Cover of my new novel, Cousin Anne, due out in January, 2016

Cover of my new novel, Cousin Anne, due out this month

I’m thrilled with the cover for my second novel—Cousin Anne—which is a prequel to Jane Austen’s Pride and Prejudice. The cover, shown at left, was designed by a team at CreateSpace. I love its colors, its ornamental border, the faded roses in the background, and the stylish typography. I love the way the image spreads across the entire cover from front to back. True, I searched for and selected the image of the stone cherub myself, but the CreateSpace design team pulled it all together.

I mention this only because finding the “right” cover image was, for me, the most challenging aspect of the cover design process. My first thought had been to select a portrait painted by a Regency-era artist. (I’m speaking here of the long Regency, which ran from about 1785 to 1837, when England’s King William IV died.) Such Regency artists included Thomas Gainsborough, Sir Thomas Lawrence and Sir Joshua Reynolds. Lawrence’s portrait of the beautiful Marguerite Gardiner, Countess of Blessington, painted in 1819 or 1822, appears on the cover of Elizabeth Aston’s novel The Exploits & Adventures of Miss Alethea Darcy.1 This particular portrait, shown at right below, can be viewed at the delightful Wallace Collection in London—one of my favorite places to visit in all the world.

Maguerite,_Countess_of_Blessington by Lawrence c. 1822 (Source: Wikimedia Commons PD-1923)

Marguerite, Countess of Blessington by Lawrence, c. 1822 (Source: Wikimedia Commons PD-1923)

Two other Aston novels also feature Lawrence paintings, one a portrait of Harriott West2 and the other of Harriet Anne, Countess of Belfast.3 The cover of my own much-thumbed and post-it-note-stickered copy of Pride and Prejudice4 features Lawrence’s Double Portrait of the Fullerton Sisters. The sisters’ portraits might possibly be the best ever images representing Jane and Elizabeth Bennet.

“Oh,” I thought, “I’d like to put a copy of a Regency lady’s portrait on my book cover” … until I discovered it wasn’t practical from a cost perspective. Many 18th-century portraits are found in art galleries or private collections that require permission to use them for commercial purposes. Specifically, commercial use usually carries licensing and royalties fees that apply to printed books, e-books and audiobooks.

The problem is that even though an 18th-century portrait is 200 years old, which would seem to put it beyond the reach of copyright law, it is likely owned by a person or organization, which means copyright laws apply to its use. (You may have noticed that my blogs show only images I took myself or that were found on royalty-free websites like the Wellcome Library or Wikimedia Commons. I am careful about using copyrighted material, which is why I sought permission before using the cover image of Pride and Prejudice and Zombies in a previous blog.)

In my ongoing search for a cover image, I next considered a print that evoked the spirit or fashion of the Regency era. Pamela Aidan’s novel An Assembly Such as This,for instance, features the Henry Gillard Glindoni artwork titled Fan Flirtation, which can be found at Here, too, there are licensing issues.

Fan Flirtation by Henry Gillard Glindoni (Source:

Fan Flirtation by Henry Gillard Glindoni (Source:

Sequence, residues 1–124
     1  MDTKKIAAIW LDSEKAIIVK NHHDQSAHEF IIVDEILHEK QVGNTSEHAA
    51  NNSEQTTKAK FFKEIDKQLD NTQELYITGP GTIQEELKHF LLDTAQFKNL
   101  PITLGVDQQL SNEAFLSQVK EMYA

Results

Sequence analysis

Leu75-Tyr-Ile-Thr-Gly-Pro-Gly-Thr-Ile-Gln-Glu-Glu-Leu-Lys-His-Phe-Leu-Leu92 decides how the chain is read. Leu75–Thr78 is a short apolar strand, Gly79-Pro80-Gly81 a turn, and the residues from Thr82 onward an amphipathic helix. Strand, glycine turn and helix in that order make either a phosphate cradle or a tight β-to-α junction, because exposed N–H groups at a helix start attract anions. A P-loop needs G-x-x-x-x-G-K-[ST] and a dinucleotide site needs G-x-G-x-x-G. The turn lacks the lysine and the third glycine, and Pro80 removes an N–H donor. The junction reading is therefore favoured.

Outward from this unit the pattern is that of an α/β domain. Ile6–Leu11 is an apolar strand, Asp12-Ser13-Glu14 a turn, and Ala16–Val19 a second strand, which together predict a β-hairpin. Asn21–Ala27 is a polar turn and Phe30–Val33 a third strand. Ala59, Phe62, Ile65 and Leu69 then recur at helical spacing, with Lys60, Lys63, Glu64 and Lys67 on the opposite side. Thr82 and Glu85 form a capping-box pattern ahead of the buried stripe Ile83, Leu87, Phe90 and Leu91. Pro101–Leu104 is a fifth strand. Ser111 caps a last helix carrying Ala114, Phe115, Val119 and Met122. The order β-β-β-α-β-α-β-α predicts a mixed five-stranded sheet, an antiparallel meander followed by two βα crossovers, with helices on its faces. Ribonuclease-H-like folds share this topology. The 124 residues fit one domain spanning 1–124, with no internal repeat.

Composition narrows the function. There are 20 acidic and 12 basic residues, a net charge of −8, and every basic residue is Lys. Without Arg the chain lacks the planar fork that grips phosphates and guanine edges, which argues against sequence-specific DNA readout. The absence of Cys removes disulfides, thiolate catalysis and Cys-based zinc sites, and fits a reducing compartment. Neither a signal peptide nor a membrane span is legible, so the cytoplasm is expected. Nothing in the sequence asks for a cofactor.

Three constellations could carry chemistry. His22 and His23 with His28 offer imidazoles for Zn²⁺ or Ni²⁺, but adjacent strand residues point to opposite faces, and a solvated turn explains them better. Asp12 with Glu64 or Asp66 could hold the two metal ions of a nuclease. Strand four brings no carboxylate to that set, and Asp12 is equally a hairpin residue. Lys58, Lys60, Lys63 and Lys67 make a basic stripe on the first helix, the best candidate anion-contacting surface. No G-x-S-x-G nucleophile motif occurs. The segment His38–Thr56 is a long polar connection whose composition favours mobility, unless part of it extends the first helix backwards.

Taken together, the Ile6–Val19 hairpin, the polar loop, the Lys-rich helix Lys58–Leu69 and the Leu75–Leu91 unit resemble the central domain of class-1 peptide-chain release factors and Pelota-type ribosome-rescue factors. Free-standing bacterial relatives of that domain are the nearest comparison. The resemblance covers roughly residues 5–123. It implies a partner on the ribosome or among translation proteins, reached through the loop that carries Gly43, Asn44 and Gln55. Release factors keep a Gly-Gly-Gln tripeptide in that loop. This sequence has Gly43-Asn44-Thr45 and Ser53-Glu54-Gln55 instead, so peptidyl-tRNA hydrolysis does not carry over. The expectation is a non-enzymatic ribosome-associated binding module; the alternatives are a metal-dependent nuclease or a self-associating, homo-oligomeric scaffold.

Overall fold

After spending several weeks investigating these approaches (which included emailing two art galleries to inquire about licensing rights and fees), I decided to go with CreateSpace, which uses two royalty-free stock photo websites. I began searching these collections for 18th-century portraits and photos of Regency-era estates, houses, clothing, teacups … Regency anything! Here’s what I discovered after viewing thousands of photos: there are few photos of true 18th-century and Regency materials. In some cases, models were dressed in clothing resembling Regency gowns or coats, but the clothing was usually early, not late, 18th-century. Furthermore, some models looked decidedly vampirish, which might suit a Jane Austen-based vampire novel but wouldn’t work for Cousin Anne. In photos of estates and classical buildings it was easy to find a modern intrusion: a blue plastic construction tarp, telephone or other wiring, or cars and trucks. Thick, rusty keys in some stock photos certainly looked old and conjured images of dark hallways and secret hideaways, but I wonder whether Regency-era keys would be rusty at the time of their use.

Meissen_porcelain_teacup_circa_1730 (Source: Wikimedia commons license 3.0)

Meissen porcelain teacup, c. 1730 (Source: Wikimedia Commons license 3.0)

I found several photos of lovely antique teacups, like this striking Meissen porcelain teacup from about 1730, which set me off on a Google search of 18th-century teacup images. I needed to learn what type of teacup and saucer was common in the early part of the 18th century versus those used in the Regency era. In the end, I decided a teacup wasn’t the image I was looking for. Sigh.

If I possessed an ounce of artistic ability, I could have drawn my own cover image. Sadly, I’m all fumble-fingered when it comes to drawing.

Knowing the cover should have some tie to the story, I was thrilled to think of cherubs while I was brushing my teeth one morning. Fortunately, I found several good stock photos to choose from, and I think the one I chose is just right. The challenge for the Indie book publisher is to find a striking image at a reasonable price.


  1. Aston, Elizabeth. The Exploits & Adventures of Miss Alethea Darcy. New York: Touchstone, 2005.
  2. Aston, Elizabeth. The True Darcy Spirit: A Novel. New York: Touchstone, 2006.
  3. Aston, Elizabeth. The Second Mrs. Darcy: A Novel. New York: Touchstone, 2007.
  4. Austen, Jane. Pride and Prejudice. London: Penguin Classics, 1813/1996.
  5. Aidan, Pamela. An Assembly Such as This. New York: Touchstone, 2003.